Harry said...

Great article Andy, I think the process of catching the bar high and riding it down is is the major mistake made with this exercise.

There are subtle differences in the way people perform this exercise depending on the outcomes needed. Some differentiate by calling one version the Drop Snatch (which Pete described) which has no 'push-off' at the top of the movement, while they call the version that Andy describes the Snatch Balance.

To my mind they're just different ways of performing the same exercise depending on the outcome you want. The method Pete describes is excellent to improve reflex actions and is a great exercise to use before every single snatch session. There's a limit to the weight that's possible to use in this instance.

The method that Andy illustrates in his article, as he rightly describes, is great for lifters who have a problem engaging their arms (pushing up) in the overhead-squat position and for teaching lifters to use the arms to actively 'push' themselves under the bar.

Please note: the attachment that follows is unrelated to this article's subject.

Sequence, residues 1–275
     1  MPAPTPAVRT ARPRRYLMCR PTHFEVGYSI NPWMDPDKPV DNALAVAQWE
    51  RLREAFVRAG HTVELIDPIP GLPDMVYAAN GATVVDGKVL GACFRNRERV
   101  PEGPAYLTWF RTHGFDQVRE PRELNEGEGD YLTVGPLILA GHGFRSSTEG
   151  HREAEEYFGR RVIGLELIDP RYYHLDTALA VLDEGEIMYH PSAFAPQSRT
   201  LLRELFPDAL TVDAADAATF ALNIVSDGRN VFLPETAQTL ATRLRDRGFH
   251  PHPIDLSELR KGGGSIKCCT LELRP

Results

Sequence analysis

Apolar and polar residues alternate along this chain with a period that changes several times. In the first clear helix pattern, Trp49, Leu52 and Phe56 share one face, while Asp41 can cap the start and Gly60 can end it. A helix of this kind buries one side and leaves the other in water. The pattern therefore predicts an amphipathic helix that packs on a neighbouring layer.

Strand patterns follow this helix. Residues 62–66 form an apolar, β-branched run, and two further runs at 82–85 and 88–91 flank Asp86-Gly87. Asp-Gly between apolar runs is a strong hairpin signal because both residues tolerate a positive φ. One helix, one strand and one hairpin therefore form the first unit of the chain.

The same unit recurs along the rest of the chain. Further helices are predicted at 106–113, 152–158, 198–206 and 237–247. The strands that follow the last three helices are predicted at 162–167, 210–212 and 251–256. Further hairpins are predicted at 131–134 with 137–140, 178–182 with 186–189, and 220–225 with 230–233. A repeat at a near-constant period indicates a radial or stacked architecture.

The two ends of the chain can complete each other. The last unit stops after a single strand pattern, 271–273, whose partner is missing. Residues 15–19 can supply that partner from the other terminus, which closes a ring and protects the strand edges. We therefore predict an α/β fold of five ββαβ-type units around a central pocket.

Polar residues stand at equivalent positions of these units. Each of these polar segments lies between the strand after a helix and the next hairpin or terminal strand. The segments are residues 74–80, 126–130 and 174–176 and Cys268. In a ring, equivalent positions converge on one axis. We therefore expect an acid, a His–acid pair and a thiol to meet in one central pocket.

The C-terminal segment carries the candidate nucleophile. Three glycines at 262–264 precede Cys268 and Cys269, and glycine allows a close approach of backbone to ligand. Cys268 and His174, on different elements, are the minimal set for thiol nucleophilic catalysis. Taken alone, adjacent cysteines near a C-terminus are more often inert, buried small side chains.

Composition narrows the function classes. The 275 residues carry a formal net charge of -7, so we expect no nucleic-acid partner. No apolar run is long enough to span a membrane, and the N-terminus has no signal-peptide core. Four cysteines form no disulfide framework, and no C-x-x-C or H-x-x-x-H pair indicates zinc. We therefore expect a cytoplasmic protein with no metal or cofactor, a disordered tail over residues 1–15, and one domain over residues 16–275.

Btw, I have a feeling that you didn't get a lot from this Pete because speed under the bar was never an issue for you! For me, unfortunately it was ;)

snatch_pete said...

Harry, could you expand on this 'for teaching lifters to use the arms to actively 'push' themselves under the bar'

Do you think this happens with max lifts or have I read this incorrectly which is a distinct possibility! I was in work today thinking about this and I had only access to two clips on my memory stick. Unfortunately it was only me at Arnolds 07 and not a world class lifter but with both the 105 and 108 snatch I was down in squat/receive position with arms locked and bar came down on me. I was just thinking if you are under the bar and had the time to push yourself down with arms would that not potentially you could lift more if you got down into squat position automatically with locked arm. My simple mind breaks it down into pulling hard enough to get enough height and acceleration on bar and then pulling under the bar fast enough so you are in full squat with locked arm to receive bar (without it crashing onto you).

Just wondering. Not criticising etc, just want to debate the mechanics of the lift or how you coach a beginner the thought process for the lift.

BTW, you can always get faster! Shreveport guys are like lightening. I always found this exercise sore on wrists and more stressful on shoulders for some strange reason and I could never get close to what I was snatching.